203 F2d 128 Commissioner of Internal Revenue v. Newcombe

203 F.2d 128




No. 13182.

United States Court of Appeals Ninth Circuit.

February 16, 1953.

Ellis N. Slack, Acting Asst. Atty. Gen., A. F. Prescott and Walter Akerman, Jr., Sp. Assts. to Atty. Gen., for petitioner.

W. W. Wallace, Los Angeles, Cal., for respondent.

Before STEPHENS, BONE and POPE, Circuit Judges.

BONE, Circuit Judge.

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This is a petition to review a Tax Court decision holding that there is no deficiency in respect of the income or victory tax liability of respondent (petitioner below) for 1943.1 The calendar year 1942 is also involved because of the forgiveness provisions of the Current Tax Payment Act of 1943, 26 U.S.C.A. Int.Rev.Acts p. 385.


The facts are not in dispute. The husband of the taxpayer, Warren Newcombe, was formerly married to Hazel Newcombe. Hazel obtained an interlocutory decree of divorce from Warren in 1938. The decree incorporated a property settlement agreement previously executed by the parties. Under the agreement and the decree Warren was required to pay 3/7 of his income to Hazel each month for a period of nine years.


In March of 1939 Warren Newcombe and the taxpayer were married. They reside in Los Angeles, California, and filed separate income tax returns for 1942 and 1943 on a community property basis. The income thus reported consisted almost entirely of salary received by Warren from his employment.


During the years 1942 and 1943 Warren, pursuant to the divorce decree, made payments to Hazel in the respective amounts of $18,954 and $21,060.60. In their income tax returns for the two years the taxpayer and Warren Newcombe each deducted one-half of the alimony payments to Hazel as their respective community shares of such payments. In determining the deficiency against respondent, the Commissioner held that no part of the payments made by Warren to Hazel in 1942 and 1943 were allowable deductions from the taxpayer's income.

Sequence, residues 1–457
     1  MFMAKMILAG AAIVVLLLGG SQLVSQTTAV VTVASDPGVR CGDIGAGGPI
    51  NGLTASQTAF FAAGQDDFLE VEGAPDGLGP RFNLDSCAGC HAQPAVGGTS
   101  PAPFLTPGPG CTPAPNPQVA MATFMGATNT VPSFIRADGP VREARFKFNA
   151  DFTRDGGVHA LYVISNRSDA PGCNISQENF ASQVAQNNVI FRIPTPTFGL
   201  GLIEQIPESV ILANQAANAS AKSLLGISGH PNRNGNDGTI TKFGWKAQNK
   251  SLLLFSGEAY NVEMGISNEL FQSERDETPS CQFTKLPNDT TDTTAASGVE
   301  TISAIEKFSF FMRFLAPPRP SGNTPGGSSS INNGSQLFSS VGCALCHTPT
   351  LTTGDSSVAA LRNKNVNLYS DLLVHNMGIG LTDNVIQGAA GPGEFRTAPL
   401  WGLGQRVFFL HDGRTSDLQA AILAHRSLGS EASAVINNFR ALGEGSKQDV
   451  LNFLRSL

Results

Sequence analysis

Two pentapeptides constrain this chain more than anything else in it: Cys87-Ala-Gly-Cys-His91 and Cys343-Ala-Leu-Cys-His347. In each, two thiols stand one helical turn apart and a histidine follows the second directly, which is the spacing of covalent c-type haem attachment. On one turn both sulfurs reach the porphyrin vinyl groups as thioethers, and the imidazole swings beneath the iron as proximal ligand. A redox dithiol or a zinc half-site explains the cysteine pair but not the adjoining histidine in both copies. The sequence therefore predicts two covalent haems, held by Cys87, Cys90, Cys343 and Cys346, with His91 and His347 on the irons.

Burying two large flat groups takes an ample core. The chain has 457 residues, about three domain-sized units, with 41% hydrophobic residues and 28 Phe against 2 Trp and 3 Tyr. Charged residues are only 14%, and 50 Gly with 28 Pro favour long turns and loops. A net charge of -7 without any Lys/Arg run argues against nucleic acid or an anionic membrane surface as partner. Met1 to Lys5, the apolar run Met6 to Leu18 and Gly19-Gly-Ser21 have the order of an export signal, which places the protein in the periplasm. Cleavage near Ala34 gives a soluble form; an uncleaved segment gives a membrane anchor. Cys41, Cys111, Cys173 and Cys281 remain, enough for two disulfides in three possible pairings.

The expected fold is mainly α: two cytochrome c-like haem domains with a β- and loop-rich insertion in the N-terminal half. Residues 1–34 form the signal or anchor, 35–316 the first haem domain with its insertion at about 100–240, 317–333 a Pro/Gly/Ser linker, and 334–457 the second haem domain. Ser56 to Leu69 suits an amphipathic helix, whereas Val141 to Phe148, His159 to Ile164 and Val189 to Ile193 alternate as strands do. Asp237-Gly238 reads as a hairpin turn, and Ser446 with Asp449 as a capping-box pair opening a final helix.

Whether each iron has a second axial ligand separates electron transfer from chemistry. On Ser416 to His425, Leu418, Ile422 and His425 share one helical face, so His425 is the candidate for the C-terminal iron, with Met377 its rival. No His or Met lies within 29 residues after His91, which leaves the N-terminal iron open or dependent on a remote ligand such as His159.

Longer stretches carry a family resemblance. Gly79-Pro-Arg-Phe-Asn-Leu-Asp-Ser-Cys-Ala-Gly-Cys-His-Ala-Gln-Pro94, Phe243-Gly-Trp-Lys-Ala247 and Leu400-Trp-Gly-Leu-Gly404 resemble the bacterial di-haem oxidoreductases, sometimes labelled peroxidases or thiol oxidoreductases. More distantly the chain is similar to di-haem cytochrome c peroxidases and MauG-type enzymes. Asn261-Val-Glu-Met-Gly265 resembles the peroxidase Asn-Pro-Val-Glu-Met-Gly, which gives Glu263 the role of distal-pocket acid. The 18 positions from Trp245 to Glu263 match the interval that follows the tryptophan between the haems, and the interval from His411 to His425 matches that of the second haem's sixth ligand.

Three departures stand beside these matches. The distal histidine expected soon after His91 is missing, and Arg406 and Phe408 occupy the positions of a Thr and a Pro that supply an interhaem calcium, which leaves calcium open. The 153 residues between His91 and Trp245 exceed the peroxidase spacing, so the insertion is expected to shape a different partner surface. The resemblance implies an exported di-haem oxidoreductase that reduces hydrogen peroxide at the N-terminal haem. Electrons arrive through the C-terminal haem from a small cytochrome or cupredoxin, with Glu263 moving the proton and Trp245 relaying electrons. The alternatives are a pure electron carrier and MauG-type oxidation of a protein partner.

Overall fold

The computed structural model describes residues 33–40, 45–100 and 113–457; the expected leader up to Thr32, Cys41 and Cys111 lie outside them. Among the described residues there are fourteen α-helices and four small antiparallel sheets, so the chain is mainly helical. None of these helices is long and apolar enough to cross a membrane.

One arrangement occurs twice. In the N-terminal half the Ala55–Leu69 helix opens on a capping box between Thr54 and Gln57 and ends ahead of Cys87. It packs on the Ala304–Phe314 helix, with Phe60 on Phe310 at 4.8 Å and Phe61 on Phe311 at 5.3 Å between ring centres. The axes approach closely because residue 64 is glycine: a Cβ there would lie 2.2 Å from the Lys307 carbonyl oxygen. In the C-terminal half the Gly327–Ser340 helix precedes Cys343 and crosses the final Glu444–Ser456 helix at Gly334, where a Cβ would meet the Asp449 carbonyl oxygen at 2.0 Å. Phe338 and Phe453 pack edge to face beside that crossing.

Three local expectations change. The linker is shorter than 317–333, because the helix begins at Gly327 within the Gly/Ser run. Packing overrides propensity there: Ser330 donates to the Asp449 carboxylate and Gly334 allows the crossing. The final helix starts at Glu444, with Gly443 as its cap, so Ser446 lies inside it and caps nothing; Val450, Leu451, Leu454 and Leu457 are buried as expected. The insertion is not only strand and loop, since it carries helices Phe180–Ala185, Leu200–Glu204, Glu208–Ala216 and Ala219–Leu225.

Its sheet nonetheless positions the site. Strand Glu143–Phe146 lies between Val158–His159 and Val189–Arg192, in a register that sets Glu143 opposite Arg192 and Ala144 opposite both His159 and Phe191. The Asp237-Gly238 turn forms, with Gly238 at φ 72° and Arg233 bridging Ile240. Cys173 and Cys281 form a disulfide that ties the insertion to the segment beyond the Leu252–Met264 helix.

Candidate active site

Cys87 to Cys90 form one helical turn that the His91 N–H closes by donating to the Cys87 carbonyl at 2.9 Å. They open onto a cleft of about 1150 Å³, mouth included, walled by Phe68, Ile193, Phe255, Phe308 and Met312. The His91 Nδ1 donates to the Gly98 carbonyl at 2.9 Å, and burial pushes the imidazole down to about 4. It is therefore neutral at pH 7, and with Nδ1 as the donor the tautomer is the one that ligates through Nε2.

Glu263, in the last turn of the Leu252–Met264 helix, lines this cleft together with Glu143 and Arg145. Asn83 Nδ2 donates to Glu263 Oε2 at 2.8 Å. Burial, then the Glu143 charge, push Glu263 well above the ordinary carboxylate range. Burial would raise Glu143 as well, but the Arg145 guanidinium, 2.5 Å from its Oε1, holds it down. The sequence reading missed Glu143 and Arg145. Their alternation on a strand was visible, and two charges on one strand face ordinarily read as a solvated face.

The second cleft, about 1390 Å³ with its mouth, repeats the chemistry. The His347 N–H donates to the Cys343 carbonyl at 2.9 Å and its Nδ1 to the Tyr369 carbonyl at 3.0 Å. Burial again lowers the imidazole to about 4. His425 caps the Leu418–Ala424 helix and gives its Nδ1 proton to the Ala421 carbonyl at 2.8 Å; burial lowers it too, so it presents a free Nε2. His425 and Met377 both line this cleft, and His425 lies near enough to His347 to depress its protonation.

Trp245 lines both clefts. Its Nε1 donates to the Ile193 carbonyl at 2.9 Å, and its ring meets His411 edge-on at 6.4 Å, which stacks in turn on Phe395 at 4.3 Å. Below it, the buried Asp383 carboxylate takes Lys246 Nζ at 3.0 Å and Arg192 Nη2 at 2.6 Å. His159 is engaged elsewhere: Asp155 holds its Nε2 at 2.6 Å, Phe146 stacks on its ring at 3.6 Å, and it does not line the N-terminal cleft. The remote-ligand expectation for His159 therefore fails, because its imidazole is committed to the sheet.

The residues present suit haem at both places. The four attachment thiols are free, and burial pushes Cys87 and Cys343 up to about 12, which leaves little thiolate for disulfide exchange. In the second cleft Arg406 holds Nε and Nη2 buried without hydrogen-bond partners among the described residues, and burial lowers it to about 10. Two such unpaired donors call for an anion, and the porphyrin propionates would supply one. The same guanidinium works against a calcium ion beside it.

It is conceded by the Commissioner that the payments were allowable as deductions to Warren under § 23(u) of the Internal Revenue Code, 26 U.S.C.A. § 23 (u). And there is no dispute that the obligation of Warren to pay alimony was collectible out of the community funds of Warren and the taxpayer. See Grolemund v. Cafferata, 17 Cal.2d 679, 111 P.2d 641; Odone v. Marzocchi, 34 Cal.2d 431, 440, 211 P.2d 297, 302, 212 P.2d 233, 17 A.L.R. 2d 1109.


The narrow question presented is whether the deduction allowed by § 23(u) for payments of alimony can be claimed only by the former husband, or whether, upon his subsequent remarriage, it can be shared equally between husband and wife who report their income on a community property basis.


When the Supreme Court in Poe v. Seaborn, 282 U.S. 101, 51 S.Ct. 58, 75 L.Ed. 239, held that married couples in community property states could split the income of the marital community between them for tax purposes, it followed as a logical corollary that the allowable deductions should also be divided between husband and wife. Stewart v. Commissioner, 5 Cir., 95 F.2d 821. Cf. Bishop v. Commissioner, 9 Cir., 152 F.2d 389.

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The Commissioner contends that the wording of § 23(u) compels a different result as regards the deduction allowed for payments of alimony. Section 23(u) reads: